Results of a new poll by Inside Higher Ed and Gallup Education show that while half of college presidents think it is appropriate for the government to collect and publish data on career and other outcomes for college graduates, just 13 percent believe the government has a “good chance” of collecting such data accurately.
The Obama administration is in the midst of gathering input for a Postsecondary Institution Rating System to help students assess the value and affordability of colleges. While still in development, many in the higher education community have voiced concern about which measures would be used and how the job status of graduates would be tracked.
The poll, conducted in late January and early February, included responses from nearly 850 chief executives from public, private, and for-profit higher education institutions.
In August another poll by Insider Higher Ed and Gallup revealed that only 2 percent of college leaders believed the new rating plan would be “very effective” at making college more affordable, and only 19 percent said it will have a positive impact on their school.
In the latest poll while the executives expressed skepticism of some aspects of the proposed system, three-quarters of presidents responding said their schools should be reporting the debt levels, job-placement rates, and graduate school enrollment rates of recent graduates. However, fewer than 4 in 10 say they should make the income of their graduates publicly available a decade after they leave the institution.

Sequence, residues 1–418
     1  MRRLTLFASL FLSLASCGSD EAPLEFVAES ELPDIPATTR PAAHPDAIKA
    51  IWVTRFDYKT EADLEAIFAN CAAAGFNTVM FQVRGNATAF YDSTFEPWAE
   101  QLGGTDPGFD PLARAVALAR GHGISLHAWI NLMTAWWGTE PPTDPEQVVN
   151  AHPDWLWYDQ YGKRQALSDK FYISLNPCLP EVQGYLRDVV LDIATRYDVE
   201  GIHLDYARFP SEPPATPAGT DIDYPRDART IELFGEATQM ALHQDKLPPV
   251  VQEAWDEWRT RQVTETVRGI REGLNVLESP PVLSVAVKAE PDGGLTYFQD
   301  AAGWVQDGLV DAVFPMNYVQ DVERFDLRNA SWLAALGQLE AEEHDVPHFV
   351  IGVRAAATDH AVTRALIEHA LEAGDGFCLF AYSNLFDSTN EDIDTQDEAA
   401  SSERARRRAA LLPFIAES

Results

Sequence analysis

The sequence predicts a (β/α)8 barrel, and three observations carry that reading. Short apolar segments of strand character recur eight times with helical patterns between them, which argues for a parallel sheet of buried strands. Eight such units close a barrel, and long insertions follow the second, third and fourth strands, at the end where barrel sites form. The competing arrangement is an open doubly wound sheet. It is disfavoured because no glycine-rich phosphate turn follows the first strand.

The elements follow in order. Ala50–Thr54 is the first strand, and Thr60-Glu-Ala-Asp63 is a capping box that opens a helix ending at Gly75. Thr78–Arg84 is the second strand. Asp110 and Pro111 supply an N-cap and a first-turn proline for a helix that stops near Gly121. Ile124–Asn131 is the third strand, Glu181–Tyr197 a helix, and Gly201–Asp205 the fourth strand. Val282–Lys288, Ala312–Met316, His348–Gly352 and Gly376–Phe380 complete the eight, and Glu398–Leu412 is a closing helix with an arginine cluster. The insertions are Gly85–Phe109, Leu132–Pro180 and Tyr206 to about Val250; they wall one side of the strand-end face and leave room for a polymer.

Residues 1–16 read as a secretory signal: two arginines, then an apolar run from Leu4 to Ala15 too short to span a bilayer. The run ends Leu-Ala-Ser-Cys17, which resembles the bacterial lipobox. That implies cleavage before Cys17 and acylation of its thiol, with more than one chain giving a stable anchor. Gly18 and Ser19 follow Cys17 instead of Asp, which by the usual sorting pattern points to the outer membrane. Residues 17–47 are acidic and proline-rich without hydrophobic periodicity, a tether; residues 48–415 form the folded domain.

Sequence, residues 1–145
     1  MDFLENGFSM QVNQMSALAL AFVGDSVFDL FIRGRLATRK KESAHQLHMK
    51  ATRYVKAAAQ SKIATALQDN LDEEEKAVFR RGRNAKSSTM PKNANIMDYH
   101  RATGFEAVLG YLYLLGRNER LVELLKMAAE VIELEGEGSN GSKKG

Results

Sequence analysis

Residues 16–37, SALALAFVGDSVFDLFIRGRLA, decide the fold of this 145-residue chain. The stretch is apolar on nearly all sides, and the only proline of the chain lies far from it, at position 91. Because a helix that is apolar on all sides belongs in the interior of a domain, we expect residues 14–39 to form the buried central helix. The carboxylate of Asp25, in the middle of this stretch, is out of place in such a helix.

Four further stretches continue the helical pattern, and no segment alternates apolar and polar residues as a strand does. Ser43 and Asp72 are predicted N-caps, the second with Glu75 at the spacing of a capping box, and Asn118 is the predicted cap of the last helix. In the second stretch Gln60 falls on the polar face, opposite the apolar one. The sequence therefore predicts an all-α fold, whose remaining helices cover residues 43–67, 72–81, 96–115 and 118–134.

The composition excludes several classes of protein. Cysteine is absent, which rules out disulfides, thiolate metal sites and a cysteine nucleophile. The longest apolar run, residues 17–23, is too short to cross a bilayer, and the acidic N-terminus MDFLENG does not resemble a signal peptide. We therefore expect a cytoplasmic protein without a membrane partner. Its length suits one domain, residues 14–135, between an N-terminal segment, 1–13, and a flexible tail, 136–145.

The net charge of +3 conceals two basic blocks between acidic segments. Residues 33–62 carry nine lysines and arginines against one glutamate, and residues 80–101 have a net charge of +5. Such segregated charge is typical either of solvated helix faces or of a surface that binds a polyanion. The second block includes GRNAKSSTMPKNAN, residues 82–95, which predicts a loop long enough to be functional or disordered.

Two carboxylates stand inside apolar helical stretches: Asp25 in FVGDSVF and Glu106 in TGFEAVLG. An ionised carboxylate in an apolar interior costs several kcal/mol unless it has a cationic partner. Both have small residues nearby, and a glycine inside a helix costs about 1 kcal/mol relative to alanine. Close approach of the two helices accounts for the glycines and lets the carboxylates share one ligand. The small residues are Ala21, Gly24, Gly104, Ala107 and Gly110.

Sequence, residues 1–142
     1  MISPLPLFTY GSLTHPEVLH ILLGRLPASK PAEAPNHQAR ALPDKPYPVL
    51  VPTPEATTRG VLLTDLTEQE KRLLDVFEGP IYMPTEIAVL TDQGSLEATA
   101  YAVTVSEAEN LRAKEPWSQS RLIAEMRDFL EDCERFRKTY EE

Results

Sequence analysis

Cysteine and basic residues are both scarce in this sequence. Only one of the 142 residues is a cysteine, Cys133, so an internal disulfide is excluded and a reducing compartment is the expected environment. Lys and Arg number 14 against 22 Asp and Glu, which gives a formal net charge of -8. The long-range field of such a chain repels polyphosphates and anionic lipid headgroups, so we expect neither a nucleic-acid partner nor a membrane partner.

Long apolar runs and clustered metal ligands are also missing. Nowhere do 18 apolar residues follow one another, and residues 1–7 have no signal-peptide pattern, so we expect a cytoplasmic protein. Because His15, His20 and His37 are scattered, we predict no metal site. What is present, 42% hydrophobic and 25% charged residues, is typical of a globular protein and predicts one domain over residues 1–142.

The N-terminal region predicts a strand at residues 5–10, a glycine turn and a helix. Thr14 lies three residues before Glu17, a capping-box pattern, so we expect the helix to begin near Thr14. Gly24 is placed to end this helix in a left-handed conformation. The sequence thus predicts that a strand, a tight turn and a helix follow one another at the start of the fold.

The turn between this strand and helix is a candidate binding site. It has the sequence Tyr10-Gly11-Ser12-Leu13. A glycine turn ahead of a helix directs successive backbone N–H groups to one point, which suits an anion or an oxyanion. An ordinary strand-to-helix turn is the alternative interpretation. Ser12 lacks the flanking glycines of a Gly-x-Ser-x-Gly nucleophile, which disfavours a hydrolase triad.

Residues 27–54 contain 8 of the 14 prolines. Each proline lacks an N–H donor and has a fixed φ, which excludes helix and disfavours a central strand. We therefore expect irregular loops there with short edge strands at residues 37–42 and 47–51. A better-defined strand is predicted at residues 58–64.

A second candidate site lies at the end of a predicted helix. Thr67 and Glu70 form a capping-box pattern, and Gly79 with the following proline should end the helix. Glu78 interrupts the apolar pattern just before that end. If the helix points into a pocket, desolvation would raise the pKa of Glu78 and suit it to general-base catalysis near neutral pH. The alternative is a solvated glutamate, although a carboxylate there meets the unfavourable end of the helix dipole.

The survey also asked about the leaders’ perspectives on the financial health of their colleges—something that can have a big impact on services to students and tuition rates. Only 5 percent of survey respondents said they strongly agreed that the economic downturn that started in 2008 was effectively over at their institution.
A version of this news article first appeared in the College Bound blog.